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Facebook May Showcase It's Secretive Hardware Efforts In April

17 Mar, 2017
Facebook May Showcase It is Secretive Hardware Efforts In April

This time last year, Facebook poached Regina Dugan, an Advanced Technology stalwart from Google. Eyebrows were raised at this left-field hire.

Then, other news Facebook putting together an entire team and setting up what was called Facebook Building 8, had everyone befuddled. Confusion about what such high-end experts from the hardware research and development sector were going to do at Facebook, ran into several hundreds of barrels of print ink.

Shortly, things fell into place and it started becoming apparent that Facebook was going the Google and Microsoft way – using the gains from it’s primary business – digital media, to feed into it’s hardware research and development enterprise to fester and create supporting platforms that may at some point become their own lynchpins.

Building 8 was thus, the site for what could certainly be expected to noteworthy hardware advancements, a mecca of innovation and Facebook’s hotbed of hardware and next-gen ideas.

The initial questions, out of curiosity, were of course, many – What exactly was Facebook going to make a Building 8? When would we see any actual results?

Well, the ear-to-the-ground pipeline now has some details for us.

From what it looks like, Building 8 is quite similar to Google’s Advanced Technology and Projects Group, or ATAP. It is also not quite different from Google X, the lab where Google’s self-driving cars were born.

Even though Building 8 is hardly a year old, it seems like there might already be ready to show the world some teasers of what they have been up to so far. Word is that Building 8 is working on four advanced technology projects, each of which will play an important part in F8 – Facebook’s annual global developer conference coming up in April.

These projects reported span everything from cameras and augmented reality, to science fiction-like brain scanning technology.

Recent developments have suggested that one of these four projects involves cameras and augmented reality. Given that Facebook has been quite publicly and actively working on VR, this would not be a far-fetched move at all.

Another project is expected to revolve around drones – something that rival Snapchat has also been noticed to be experimenting with, not too long ago.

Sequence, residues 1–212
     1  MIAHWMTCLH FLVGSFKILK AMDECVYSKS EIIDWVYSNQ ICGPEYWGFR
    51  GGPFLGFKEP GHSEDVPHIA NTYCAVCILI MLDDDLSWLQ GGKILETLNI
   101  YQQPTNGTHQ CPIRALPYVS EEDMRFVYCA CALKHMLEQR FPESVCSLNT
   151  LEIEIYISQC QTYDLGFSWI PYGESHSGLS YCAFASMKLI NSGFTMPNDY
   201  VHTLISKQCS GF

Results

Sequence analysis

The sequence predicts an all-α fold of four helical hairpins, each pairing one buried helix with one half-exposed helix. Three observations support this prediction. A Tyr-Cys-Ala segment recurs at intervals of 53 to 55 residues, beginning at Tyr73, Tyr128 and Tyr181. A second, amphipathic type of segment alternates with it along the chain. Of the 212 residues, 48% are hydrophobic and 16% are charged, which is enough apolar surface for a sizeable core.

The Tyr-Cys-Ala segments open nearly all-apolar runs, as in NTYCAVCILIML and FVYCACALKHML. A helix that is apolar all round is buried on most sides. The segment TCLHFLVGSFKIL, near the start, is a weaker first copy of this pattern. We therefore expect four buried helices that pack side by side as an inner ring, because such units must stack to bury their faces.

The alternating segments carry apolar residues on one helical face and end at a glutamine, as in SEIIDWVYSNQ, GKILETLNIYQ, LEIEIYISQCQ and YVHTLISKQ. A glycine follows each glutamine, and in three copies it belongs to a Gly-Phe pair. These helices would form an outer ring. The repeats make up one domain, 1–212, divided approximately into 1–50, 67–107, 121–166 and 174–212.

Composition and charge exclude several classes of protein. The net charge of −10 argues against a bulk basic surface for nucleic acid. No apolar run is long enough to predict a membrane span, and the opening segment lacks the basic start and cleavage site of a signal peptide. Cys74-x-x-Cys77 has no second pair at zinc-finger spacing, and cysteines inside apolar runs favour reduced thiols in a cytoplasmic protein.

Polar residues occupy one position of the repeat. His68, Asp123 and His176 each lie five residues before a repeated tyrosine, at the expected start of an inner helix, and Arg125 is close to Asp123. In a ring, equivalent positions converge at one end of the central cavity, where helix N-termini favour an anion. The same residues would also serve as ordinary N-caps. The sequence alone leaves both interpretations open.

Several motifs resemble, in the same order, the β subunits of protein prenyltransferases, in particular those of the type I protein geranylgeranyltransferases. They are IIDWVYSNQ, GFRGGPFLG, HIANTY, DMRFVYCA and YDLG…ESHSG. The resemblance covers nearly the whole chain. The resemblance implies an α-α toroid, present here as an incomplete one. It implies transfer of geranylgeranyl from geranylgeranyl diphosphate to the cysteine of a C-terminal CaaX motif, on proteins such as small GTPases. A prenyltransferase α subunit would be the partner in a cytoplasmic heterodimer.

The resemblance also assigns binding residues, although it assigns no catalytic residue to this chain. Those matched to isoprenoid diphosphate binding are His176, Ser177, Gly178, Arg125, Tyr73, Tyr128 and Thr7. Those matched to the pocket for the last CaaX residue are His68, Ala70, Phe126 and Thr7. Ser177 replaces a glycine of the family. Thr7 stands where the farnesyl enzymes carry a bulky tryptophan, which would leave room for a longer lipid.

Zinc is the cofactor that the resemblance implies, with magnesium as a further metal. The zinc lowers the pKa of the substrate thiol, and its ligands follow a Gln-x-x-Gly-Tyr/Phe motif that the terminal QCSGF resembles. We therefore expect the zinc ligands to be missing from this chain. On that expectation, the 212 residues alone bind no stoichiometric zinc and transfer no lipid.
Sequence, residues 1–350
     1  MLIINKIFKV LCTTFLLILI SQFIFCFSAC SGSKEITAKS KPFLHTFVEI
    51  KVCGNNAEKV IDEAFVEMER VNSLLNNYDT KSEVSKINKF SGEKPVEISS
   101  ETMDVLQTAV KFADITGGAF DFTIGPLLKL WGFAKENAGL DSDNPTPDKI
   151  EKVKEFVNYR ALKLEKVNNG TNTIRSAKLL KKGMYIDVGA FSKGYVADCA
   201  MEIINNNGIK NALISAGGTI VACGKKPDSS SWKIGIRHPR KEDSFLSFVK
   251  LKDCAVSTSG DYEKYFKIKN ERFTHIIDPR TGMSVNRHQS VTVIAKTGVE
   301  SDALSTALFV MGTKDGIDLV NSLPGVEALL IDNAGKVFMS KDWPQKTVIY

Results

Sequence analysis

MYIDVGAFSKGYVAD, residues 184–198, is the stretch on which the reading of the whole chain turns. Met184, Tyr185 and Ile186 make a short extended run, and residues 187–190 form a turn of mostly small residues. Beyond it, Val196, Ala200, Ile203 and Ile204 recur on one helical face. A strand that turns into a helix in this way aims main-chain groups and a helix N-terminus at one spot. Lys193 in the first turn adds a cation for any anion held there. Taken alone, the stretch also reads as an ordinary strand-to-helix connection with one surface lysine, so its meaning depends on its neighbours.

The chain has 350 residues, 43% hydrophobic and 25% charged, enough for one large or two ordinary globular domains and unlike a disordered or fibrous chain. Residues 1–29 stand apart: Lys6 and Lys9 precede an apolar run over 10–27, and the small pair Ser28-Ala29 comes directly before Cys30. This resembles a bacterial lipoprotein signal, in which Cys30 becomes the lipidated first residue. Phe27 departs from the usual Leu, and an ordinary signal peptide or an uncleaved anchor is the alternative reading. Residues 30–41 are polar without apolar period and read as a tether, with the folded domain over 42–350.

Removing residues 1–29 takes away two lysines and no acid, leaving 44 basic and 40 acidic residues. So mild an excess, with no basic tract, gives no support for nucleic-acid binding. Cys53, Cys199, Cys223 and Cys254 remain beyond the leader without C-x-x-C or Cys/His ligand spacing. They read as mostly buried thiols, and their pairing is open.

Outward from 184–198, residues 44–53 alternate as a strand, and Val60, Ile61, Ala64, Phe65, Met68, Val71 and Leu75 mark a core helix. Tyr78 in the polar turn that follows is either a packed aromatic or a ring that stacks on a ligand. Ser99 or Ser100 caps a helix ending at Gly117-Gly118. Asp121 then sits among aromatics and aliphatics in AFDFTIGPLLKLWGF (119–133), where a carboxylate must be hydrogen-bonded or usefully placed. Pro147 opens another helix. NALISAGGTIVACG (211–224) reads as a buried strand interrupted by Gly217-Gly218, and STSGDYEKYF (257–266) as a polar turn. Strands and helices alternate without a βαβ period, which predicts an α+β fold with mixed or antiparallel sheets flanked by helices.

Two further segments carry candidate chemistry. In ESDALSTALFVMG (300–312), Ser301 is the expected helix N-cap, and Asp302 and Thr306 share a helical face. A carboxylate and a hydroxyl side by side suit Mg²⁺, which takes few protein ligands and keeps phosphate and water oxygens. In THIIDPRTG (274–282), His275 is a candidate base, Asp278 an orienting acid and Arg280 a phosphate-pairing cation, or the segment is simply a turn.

This supposition arise from Facebook’s hiring of Frank Dellaert, a robotics and computer vision expert, who was the chief scientist at Skydio, a small startup that is working on a yet-unreleased drone that can autonomously track a person while navigating through physical space.

Another project might involve brain scanning technology, or so goes the word. The hiring of a former John Hopkins neuroscientist who helped develop a mind-controlled prosthetic arm suggest towards something of the kind being experimented with at Facebook.

One of their projects might have medical applications – or so suggests Facebook’s hiring of an interventional cardiologist from Stanford, with expertise in early-stage medical device development.

The word also is that Building 8 might be developing a fifth unspecified project, and they are currently looking for the right person to lead such a project.

Amongst other noteworthy people who have recently joined Building 8 are Skydio’s former head of hardware, Stephen McClure, and Alex Granieri, who previously worked on Aquila, Facebook’s high-altitude drone designed to beam internet connectivity to the developing world.

What we find really intriguing is that all the project leaders within Building 8 get to work like mini-CEOs, such that they are assigned a timeline, and an idea to develop. Work apparently happens in a manner that these inventions/creations can either be shipped and sold as standalone products, or be spun out into a different part of Facebook.

Facebook’s interest outside of the digital media platform has been imminent for a while now.

We are all by now familiar with the internet.org efforts that the Silicon Valley giant has been making, to take the internet far and wide. Their efforts in this respect are comparable to that of Google, with the Google Loon project. They have also been working with VR lately, having brought on Oculus.

So, it’s now easy to understand that Building 8 is more like an addition to already existing efforts on Facebook’s part to expand into a varied amalgam of tech-related innovations.

The move to hardware is of course a fairly risky one for Facebook to make – a company that otherwise reigns as an internet giant, with its close-to-2-billion user base, and numerous products. What it also needs to be careful of is that it is taking on deep-pocketed competitors like Apple, Google, and upstarts such as Snap, in a cut-throat business defined by thin profit margins and complex logistics.

It would be interesting to see how it goes for them, and what Facebook brings to the table, and if any of these skunk-works actually are able to make a mark in their respective salvos.